There is much more to Longboat Key’s beach than the fine white sand that squeaks beneath your feet.
It is a complex and dynamic system.
And how it works and what is required to maintain it is worthwhile for every Longboat taxpayer to know and understand.
The beach, after all, is the largest annual expense in the town’s budget (if you amortize the cost of renourishment). What’s more, it serves as the most important insurance policy and primary source of protection for the $5 billion in developed real estate on Longboat Key.
Think about the latter point: Although many people see the beach primarily as an export that we sell to visitors, more importantly, it serves as the fortress wall that protects our beachfront properties from washing away into the Gulf. As Town Manager Bruce St. Denis puts it: “The cheapest insurance is to have a whole pile of sand in front of your house.”
There’s more to it than that, though. No one will espouse that fact more than St. Denis. Likewise, no one on Longboat Key knows more about the workings of the Key’s beach than does St. Denis.
We had the privilege recently to view a near hour-long slide presentation compiled by St. Denis that explains how the beach we don’t see — the 100 to 200 yards extending under water from the water’s edge — is as important as having enough sand on the dry portion of the beach. This is where the complexities occur and where beach maintenance is most crucial.
The complexities: We know the Gulf’s waves into the shore are constantly pushing sand in and pulling it out. And the littoral drift is constantly moving sand from north to south. Top layers of sand are never static.
And this is why, as St. Denis illustrates in his presentation, it is so crucial to have adequate amounts of sand “in the system” beneath the surface of the water. Indeed, while some data tells us the Key still has more than 90% of the sand from the last renourishment, this is only the dry portion of the beach. St. Denis and the town’s beach engineers can show that, predictably, when you figure in the submerged portions of the beach, the Key has lost 35% of the volume of the sand in the three years since the last renourishment.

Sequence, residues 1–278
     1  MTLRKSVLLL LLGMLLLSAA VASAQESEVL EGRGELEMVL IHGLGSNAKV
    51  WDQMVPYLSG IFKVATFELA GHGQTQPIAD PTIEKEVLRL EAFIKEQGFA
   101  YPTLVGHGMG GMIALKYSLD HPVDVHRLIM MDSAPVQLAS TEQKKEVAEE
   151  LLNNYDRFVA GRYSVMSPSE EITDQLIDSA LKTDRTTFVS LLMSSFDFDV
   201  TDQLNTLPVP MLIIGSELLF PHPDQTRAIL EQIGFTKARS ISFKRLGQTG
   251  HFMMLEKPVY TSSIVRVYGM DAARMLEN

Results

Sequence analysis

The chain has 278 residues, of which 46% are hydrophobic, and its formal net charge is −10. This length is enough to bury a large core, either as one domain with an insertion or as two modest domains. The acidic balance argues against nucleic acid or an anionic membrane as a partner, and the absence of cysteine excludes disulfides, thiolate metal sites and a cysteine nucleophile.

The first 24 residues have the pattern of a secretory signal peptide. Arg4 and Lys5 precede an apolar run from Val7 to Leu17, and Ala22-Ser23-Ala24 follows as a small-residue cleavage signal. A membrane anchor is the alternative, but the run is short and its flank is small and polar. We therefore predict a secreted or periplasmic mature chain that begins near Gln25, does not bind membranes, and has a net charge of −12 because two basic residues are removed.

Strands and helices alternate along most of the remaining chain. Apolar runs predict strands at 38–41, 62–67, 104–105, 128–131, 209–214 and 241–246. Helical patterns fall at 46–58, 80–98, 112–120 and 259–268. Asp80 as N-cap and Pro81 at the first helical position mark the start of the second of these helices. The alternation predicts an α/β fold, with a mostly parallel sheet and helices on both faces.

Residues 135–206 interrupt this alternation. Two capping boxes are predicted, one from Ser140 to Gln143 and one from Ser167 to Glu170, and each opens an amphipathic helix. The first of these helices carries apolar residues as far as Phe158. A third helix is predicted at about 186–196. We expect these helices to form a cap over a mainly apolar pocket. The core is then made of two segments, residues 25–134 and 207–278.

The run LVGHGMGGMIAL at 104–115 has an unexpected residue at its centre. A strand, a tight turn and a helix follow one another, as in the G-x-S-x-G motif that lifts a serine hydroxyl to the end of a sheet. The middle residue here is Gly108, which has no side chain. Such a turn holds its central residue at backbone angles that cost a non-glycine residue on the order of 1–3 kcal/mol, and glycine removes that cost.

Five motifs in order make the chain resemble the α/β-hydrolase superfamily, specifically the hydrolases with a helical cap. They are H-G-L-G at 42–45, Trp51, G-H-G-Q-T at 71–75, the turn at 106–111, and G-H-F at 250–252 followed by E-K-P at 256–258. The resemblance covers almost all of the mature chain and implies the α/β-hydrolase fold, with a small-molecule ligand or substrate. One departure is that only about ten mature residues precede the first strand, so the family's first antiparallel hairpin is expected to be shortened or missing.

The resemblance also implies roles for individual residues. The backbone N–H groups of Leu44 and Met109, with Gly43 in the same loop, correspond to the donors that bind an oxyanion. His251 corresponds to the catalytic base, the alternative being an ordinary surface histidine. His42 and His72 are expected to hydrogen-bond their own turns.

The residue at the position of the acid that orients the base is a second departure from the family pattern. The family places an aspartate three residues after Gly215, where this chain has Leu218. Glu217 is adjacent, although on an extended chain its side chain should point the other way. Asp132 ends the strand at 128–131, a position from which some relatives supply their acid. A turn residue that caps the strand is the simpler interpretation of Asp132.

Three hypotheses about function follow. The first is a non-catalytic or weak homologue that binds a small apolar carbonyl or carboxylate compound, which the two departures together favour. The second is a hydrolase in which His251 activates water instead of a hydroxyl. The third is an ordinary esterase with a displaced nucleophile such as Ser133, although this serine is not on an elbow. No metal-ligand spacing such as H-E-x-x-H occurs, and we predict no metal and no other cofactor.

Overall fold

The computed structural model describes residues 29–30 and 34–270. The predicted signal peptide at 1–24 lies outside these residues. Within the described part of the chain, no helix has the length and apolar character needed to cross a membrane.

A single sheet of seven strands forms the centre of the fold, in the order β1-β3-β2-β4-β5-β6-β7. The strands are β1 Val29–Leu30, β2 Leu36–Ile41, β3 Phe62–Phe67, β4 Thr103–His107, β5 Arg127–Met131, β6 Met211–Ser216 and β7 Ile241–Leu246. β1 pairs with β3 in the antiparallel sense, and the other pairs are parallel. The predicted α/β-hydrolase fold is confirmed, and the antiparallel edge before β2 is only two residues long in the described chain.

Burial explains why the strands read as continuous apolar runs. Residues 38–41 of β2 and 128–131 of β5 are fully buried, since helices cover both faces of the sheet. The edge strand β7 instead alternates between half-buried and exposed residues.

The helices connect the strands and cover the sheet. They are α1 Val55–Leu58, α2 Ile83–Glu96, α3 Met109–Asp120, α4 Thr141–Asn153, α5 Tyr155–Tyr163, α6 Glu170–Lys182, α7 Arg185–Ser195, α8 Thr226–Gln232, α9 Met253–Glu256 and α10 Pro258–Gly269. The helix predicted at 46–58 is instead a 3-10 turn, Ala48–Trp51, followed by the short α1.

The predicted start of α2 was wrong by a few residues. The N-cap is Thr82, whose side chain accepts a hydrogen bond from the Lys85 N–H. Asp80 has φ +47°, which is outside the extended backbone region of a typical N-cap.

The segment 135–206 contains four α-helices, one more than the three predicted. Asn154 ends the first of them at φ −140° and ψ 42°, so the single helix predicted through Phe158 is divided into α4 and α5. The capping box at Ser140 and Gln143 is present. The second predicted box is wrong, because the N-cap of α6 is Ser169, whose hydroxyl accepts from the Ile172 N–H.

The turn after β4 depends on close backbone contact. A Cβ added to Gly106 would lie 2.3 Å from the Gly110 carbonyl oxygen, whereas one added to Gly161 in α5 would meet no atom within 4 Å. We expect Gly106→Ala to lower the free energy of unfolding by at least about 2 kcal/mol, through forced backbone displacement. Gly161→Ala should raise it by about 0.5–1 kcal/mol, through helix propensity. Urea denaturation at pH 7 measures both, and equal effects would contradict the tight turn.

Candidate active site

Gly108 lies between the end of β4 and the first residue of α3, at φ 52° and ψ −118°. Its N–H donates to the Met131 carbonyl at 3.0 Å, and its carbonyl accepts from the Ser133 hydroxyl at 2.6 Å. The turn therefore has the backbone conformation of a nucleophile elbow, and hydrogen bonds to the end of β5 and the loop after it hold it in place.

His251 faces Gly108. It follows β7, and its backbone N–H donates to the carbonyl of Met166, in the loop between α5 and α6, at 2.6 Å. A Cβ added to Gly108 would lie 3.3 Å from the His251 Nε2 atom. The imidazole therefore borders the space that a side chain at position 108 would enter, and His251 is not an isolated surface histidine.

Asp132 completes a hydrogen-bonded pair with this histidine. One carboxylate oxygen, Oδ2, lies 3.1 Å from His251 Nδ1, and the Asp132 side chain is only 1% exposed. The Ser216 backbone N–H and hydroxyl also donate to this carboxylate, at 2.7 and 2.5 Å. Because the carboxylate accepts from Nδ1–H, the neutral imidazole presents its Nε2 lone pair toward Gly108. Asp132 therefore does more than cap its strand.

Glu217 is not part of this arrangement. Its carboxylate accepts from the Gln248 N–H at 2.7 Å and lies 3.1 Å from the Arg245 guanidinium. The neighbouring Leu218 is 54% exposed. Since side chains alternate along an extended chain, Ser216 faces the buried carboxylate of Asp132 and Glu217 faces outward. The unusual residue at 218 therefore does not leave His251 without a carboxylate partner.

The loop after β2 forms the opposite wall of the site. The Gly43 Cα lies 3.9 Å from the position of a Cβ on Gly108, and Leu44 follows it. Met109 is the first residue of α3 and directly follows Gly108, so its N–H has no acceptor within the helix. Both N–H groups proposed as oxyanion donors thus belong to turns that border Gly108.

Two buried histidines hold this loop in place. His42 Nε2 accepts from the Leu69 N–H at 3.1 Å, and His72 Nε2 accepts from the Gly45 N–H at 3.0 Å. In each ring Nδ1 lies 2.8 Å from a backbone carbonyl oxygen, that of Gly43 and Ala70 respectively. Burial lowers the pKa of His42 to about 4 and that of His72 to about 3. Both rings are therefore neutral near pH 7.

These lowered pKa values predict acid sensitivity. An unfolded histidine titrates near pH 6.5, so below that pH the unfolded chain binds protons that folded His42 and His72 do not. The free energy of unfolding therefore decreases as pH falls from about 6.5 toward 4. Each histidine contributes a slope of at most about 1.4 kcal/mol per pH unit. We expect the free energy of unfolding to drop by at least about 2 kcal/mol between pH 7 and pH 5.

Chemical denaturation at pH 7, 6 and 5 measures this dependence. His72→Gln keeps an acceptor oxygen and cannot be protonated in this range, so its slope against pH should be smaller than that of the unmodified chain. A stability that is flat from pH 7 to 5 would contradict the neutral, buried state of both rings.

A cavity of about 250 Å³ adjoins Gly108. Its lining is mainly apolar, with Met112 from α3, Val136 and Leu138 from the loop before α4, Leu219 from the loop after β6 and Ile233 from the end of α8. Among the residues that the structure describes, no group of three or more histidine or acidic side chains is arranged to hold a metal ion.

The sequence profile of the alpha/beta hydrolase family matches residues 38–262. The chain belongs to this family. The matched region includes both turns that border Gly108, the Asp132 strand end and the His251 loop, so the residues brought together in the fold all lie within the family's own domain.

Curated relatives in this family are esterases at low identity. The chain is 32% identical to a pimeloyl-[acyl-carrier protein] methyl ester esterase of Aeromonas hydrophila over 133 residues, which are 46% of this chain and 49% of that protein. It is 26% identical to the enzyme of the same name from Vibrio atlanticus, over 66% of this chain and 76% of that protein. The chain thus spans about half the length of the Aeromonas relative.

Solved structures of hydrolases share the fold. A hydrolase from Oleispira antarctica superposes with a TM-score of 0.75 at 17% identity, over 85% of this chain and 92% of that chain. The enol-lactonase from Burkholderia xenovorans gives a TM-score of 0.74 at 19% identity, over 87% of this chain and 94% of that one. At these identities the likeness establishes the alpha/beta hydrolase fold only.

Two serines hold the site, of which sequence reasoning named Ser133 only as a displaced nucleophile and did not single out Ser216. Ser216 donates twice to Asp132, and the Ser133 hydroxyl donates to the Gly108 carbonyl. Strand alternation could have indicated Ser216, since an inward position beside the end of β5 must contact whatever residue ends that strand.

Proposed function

To that point, when University of Florida professor Robert Dean, the dean of beach renourishment and erosion in Florida, spoke to the Longboat Key Town Commission last month, he noted that it’s an unavoidable fact of Longboat Key’s beach that it will need constant feeding, constant replenishing, albeit every six to eight years.
The trick is making sure the levels are closely monitored between renourishments to avoid reaching crises, which are often difficult to predict. You never know, for instance, what the Gulf storms will do. Or for that matter, it’s just as difficult to predict how the water flows and currents might change at the Key’s northern tip over multiple years.
All of this is to say, in spite of what it may have seemed — that the town administration and previous Town Commissions have been stuck on a fruitless strategy of dumping large amounts of sand at increasingly higher costs on our beach every six to eight years — there is a thought-out method that isn’t madness.
If you have the time, try to catch St. Denis’ presentation on beach renourishment Saturday morning to the Federation of Longboat Key Condominiums. If not there, consider inviting him to your condominium or homeowners association.
What you’ll learn is important perspective for the next bond-issue referenda on beach renourishment.
Who: Federation of Longboat Key Condominiums
What: Longboat Key Town Manager Bruce St. Denis will give a presentation on the status of the beach and factors to consider for the town’s renourishment strategy.
When: 9:30 a.m. Saturday, Jan. 22
Where: Water Club Community Room/Clubhouse, 1281 Gulf of Mexico Drive